The PBoC is staring down a daunting list of challenges, but don’t worry, China’s central bank is accustomed to tightrope acts.
Surging inflation “must be drawn to attention and properly handled”, the bank wrote, in its 57-page monetary policy outlook for the third quarter, hot off the presses on Saturday.
The reference is to the CPI, which hit a seven-year high in October. The problem, of course, is surging pork prices, which have driven food inflation into the stratosphere.
This ostensibly constrains monetary policy. If aggressive easing was already ill-advised from the perspective of encouraging bubbles and undercutting the ongoing deleveraging effort, it’s a non-starter when consumer prices are on that kind of trajectory.
The problem is that the Chinese economy is decelerating on almost every measure you care to consult. The most recent activity data showed industrial output, retail sales and fixed investment remain sluggish and factory gate prices are mired in deflation.
Imports have contracted for six consecutive months, and then there’s auto sales, which are in the middle of a historic slump.
In short, the economy needs stimulus, even if that contributes to upward pressure on consumer prices.
But the latest credit growth data suggests there simply isn’t much demand for credit. Aggregate financing crashed to the lowest in years in October.
Read more: China’s Credit Growth Collapses
“It should be noted that the current external environment is complex, the economy is under rising downward pressure, and some businesses are faced with operating difficulties”, the PBoC went on to say Saturday.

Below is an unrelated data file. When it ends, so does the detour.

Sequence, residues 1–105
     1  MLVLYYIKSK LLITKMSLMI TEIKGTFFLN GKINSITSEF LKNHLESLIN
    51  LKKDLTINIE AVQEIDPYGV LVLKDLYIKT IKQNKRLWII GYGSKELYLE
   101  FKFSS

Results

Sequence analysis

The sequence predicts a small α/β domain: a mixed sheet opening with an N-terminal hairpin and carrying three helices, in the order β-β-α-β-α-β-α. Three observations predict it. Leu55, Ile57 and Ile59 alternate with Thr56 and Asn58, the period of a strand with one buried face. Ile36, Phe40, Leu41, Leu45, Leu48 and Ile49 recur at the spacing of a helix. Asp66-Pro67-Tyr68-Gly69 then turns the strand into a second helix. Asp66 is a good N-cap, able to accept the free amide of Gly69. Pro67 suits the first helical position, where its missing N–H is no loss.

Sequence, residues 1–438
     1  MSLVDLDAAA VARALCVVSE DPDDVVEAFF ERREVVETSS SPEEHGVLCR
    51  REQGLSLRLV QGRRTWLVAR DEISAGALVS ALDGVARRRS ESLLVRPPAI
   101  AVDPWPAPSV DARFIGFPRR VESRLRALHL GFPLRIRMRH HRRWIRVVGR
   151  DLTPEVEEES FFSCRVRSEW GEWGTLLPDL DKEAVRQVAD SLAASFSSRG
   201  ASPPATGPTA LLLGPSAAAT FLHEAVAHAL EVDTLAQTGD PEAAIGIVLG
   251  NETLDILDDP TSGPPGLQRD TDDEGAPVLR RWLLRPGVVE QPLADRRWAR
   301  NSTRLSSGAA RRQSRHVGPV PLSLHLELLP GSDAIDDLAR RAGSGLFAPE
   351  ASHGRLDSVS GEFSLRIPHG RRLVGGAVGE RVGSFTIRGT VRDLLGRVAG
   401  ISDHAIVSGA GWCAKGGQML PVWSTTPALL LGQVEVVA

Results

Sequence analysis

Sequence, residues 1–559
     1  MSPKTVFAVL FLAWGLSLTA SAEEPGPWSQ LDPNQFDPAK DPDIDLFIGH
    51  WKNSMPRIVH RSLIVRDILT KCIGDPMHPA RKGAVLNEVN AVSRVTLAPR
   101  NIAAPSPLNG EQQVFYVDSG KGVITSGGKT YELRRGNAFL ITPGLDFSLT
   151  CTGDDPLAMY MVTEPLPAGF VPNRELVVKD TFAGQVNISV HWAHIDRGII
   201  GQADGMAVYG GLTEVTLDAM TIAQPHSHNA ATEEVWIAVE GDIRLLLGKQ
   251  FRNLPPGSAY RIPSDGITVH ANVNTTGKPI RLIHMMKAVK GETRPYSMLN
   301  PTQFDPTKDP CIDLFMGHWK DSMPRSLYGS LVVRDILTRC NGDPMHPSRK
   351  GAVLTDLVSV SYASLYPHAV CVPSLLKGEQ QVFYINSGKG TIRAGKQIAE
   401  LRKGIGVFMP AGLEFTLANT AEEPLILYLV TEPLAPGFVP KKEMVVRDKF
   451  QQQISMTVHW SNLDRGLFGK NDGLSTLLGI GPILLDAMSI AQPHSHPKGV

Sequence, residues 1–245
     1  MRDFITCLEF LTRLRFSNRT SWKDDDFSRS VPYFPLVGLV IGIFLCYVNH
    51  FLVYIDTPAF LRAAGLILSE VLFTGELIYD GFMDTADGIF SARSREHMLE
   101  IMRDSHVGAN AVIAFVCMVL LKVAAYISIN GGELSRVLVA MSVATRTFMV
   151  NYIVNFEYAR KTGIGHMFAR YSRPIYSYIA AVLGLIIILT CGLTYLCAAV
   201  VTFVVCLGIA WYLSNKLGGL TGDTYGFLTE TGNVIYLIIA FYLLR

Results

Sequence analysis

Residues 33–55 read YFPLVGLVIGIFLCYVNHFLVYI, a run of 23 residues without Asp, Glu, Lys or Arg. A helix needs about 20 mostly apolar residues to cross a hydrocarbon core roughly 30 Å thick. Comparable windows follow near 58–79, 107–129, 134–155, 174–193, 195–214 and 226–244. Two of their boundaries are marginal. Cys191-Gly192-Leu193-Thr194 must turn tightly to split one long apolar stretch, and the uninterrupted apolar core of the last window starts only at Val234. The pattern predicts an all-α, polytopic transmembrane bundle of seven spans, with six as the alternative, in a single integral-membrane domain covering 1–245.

The bank reiterated its commitment to further RRR cuts. The second of two targeted cuts went into effect on Friday (recall that the across-the-board RRR cut announced in September was accompanied by a pair of targeted cuts, which were to be implemented in October and November), releasing an additional 40 billion yuan in long-term liquidity on the same day that the PBoC conducted a surprise MLF operation to inject another 200 billion yuan.
Still, it appears Beijing is taking a reactive, piecemeal approach to stimulus and liquidity provision as opposed to a proactive, “bazooka” approach. The bank essentially confirmed that on Saturday, noting it will “properly handle the short-term pressure”, but won’t be providing “excessive” liquidity.
The PBoC also brushed off PPI deflation, characterizing it as temporary. The main problem, the bank said, is the trade war.
Fortunately, China still has room to deploy conventional easing, unlike the PBoC’s counterparts in Europe and Japan (for example) where policymakers have hit the lower bound (the protestations of Philip Lane and Kuroda notwithstanding).
That privileged position – i.e., China’s claim to being a major economy with plenty of monetary ammo left to deploy – is something that Beijing should “actively maintain”, the PBoC said.